1 Johnson, in the 'Observations inserted in the newspapers' (post, p. 162), said that though the people cannot judge of the administration of justice so well as their governors, yet their voice has always been regarded. That if the people now commit an error, their error is on the part of mercy; and that perhaps history cannot shew a time in which the life of a criminal, guilty of nothing above fraud, was refused to the cry of nations, to the joint supplication of three and twenty thousand petitioners.' Hawkins's Johnson, p. 528. Johnson's earnestness as a petitioner contrasts with the scornful way in which he had spoken of petitions. 'There must be no yielding to encourage this,' the minister might have answered in his own words. Ante, ii. 104.
'The king signs no sentences or death warrants; but out of respect to the Royal prerogative of mercy, expressed by the old adage, ' The King's face gives grace,' the cases of criminals convicted in London, where the king is supposed to be resident, were reported to him by the recorder, that his Majesty might have an option of pardoning. Hence it was seriously doubted whether a recorder's report need or, indeed, could be made at Windsor. All his Majesty did on these occasions was, to express verbally his assent or dissent to or from the execution of the sentence; and, though the king was on such occasions attended by his Ministers and the great legal Privy Councillors,
Chamier' an account of the disposition of the court towards him, with a declaration that there was no hope even of a respite. This letter immediately was laid before Dodd; but he believed those whom he wished to be right, as it is thought, till within three days of his end. He died with pious composure and resolution. have just seen the Ordinary that attended him. His address to his fellow-convicts offended the Methodists'; but he had a Moravian with him much of his time3. His moral character is very
the business was not technically a council business, but the individual act of the King. On the accession of Queen Victoria, the nature of some cases that it might be necessary to report to her Majesty occasioned the abrogation of a practice which was certainly so far unreasonable that it made a difference between London and all the rest of the kingdom. CROKER. 'I was exceedingly shocked,' said Lord Eldon, 'the first time I attended to hear the Recorder's report, at the careless manner in which, as it appeared to me, it was conducted. We were called upon to decide on sentences affecting no less than the lives of men, and yet there was nothing laid before us to enable us to judge whether there had or had not been any extenuating circumstances; it was merely a recapitulation of the judge's opinion and the sentence. I resolved that I never would attend another report, without having read and duly considered the whole of the evidence of each case, and I never did.' Twiss's Eldon, i. 398.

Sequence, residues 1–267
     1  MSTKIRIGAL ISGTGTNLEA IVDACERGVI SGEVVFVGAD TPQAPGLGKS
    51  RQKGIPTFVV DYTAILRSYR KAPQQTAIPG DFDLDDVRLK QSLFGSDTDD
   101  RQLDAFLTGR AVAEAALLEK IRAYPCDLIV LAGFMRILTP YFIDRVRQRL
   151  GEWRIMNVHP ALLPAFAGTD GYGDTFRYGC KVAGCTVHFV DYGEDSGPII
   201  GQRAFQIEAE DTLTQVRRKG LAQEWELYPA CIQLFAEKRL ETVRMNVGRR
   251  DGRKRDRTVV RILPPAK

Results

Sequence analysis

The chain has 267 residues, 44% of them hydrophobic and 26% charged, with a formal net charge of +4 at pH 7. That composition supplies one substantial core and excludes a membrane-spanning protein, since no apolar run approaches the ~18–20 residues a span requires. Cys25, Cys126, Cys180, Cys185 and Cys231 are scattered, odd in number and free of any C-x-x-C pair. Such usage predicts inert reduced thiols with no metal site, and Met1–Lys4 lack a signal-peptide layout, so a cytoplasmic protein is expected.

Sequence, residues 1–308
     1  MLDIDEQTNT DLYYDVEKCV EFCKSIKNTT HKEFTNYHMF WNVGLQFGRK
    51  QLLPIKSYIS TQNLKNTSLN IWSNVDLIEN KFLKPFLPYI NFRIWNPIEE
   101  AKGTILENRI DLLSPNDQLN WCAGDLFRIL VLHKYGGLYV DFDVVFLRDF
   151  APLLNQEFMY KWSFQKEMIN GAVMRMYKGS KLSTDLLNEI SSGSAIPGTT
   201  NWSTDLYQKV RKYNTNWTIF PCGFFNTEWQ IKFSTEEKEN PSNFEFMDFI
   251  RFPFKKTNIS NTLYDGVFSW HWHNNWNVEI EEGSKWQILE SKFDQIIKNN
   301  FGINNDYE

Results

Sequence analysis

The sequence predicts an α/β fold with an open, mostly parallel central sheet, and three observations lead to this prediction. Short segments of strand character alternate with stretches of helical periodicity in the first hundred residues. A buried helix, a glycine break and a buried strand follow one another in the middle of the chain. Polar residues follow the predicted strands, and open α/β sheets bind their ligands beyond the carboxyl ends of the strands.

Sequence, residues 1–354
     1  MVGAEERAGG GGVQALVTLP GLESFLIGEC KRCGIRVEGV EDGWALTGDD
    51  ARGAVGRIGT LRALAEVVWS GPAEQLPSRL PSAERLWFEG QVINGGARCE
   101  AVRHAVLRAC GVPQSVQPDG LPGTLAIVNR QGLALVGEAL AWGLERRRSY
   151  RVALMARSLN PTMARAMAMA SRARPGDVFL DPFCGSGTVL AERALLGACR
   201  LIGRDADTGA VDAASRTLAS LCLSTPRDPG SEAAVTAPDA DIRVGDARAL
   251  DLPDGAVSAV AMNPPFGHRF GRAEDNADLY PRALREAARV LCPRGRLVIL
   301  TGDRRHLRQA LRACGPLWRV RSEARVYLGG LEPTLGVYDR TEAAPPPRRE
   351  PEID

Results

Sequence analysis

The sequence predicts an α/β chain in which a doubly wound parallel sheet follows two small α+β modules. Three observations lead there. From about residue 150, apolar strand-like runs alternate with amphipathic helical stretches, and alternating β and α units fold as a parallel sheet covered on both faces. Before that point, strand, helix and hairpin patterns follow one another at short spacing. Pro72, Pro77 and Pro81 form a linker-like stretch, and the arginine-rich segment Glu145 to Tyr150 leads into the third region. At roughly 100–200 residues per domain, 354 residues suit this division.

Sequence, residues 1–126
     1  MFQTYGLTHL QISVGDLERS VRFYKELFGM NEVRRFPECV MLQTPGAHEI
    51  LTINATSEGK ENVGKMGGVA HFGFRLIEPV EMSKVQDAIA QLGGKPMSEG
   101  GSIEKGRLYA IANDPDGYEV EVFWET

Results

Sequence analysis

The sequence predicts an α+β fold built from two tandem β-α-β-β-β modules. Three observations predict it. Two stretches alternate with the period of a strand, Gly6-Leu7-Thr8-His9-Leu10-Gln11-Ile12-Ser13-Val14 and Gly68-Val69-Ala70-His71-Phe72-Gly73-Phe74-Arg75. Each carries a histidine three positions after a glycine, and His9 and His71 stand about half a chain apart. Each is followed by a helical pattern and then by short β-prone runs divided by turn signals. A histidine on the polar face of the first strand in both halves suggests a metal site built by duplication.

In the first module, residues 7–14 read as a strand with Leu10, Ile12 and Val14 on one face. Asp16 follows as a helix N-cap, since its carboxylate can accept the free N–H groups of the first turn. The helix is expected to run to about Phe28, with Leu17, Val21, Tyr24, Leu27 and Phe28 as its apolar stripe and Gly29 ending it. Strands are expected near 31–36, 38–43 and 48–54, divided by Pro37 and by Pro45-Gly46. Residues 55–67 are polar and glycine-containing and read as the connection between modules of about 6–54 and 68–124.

' Under - Secretary of State and a member of the Literary Club. Ante, i. 553.
2 Johnson does not here let Boswell know that he had written this address (post, p. 161). Wesley, two days before Dodd's execution, records (Journal, iv. 99) :—' I saw Dr. Dodd for the last time. He was in exactly such a temper as I wished. He never at any time expressed the least murmuring or resentment at any one; but entirely and calmly gave himself up to the will of God. Such a prisoner I scarce ever saw before; much less such a condemned malefactor. I should think none could converse with him without acknowledging that God is with him.' In earlier years Wesley was more than once refused admittance to a man under sentence of death who was ' earnestly desirous' to speak with him. Wesley's Journal, ed. 1827, i. 255, 292, 378.
'Between the Methodists and the Moravians there was no goodwill. In 1749 the Moravians published a declaration that 'whosoever reckons that those persons in England who are usually called Moravians, and those who are called Methodists, are the same, he is mistaken.' Thereupon Wesley recorded in his Journal, ii. 120:—' The Methodists, so called, heartily thank Brother Louis for his Declara
Aetat. 68.] A letter from Melancthon's tomb.
bad; I hope all is not true that is charged upon him. Of his behaviour in prison an account will be published.
'I give you joy of your country-house, and your pretty garden; and hope some time to see you in your felicity. I was much pleased with your two letters that had been kept so long in store';
tion; as they count it no honour to be in any connexion either with him or his Brethren.'
1 Since they have been so much honoured by Dr. Johnson I shall here insert them:
'TO MR. SAMUEL JOHNSON. 'MY EVER DEAR AND MUCH-RESPECTED SIR,
'You know my solemn enthusiasm of mind. You love me for it, and I respect myself for it, because in so far I resemble Mr. Johnson. You will be agreeably surprized when you learn the reason of my writing this letter. I am at Wittemberg in Saxony. I am in the old church where the Reformation was first preached, and where some of the reformers lie interred. I cannot resist the serious pleasure of writing to Mr. Johnson from the Tomb of Melancthon. My paper rests upon the gravestone of that great and good man, who was undoubtedly the worthiest of all the reformers. He wished to reform abuses which had been introduced into the Church; but had no private resentment to gratify. So mild was he, that when his aged mother consulted him with anxiety on the perplexing disputes of the times, he advised her "to keep to the old religion." At this tomb, then, my ever dear and respected friend! I vow to thee an eternal attachment. It shall be my study to do what I can to render your life happy: and, if you die before me, I shall endeavour to do honour to your memory; and, elevated by the remembrance of you, persist in noble piety. May GOD, the Father of all beings, ever bless you! and may you continue to love,
'Your most affectionate friend, and devoted servant,
'Sunday, Sept. 30, 1764.'
'MY DEAR SIR,
'TO DR. SAMUEL JOHNSON.
'Wilton-house, April 22, 1775.
Every scene of my life confirms the truth of what you have told me, "there is no certain happiness in this state of being.”—I am here, amidst all that you know is at Lord Pembroke's; and yet I am weary and gloomy. I am just setting out for the house of an old friend in Devonshire, and shall not get back to London for a week yet. You said to me last Good-Friday, with a cordiality that warmed my heart, that if I came to settle in London, we should have a day fixed every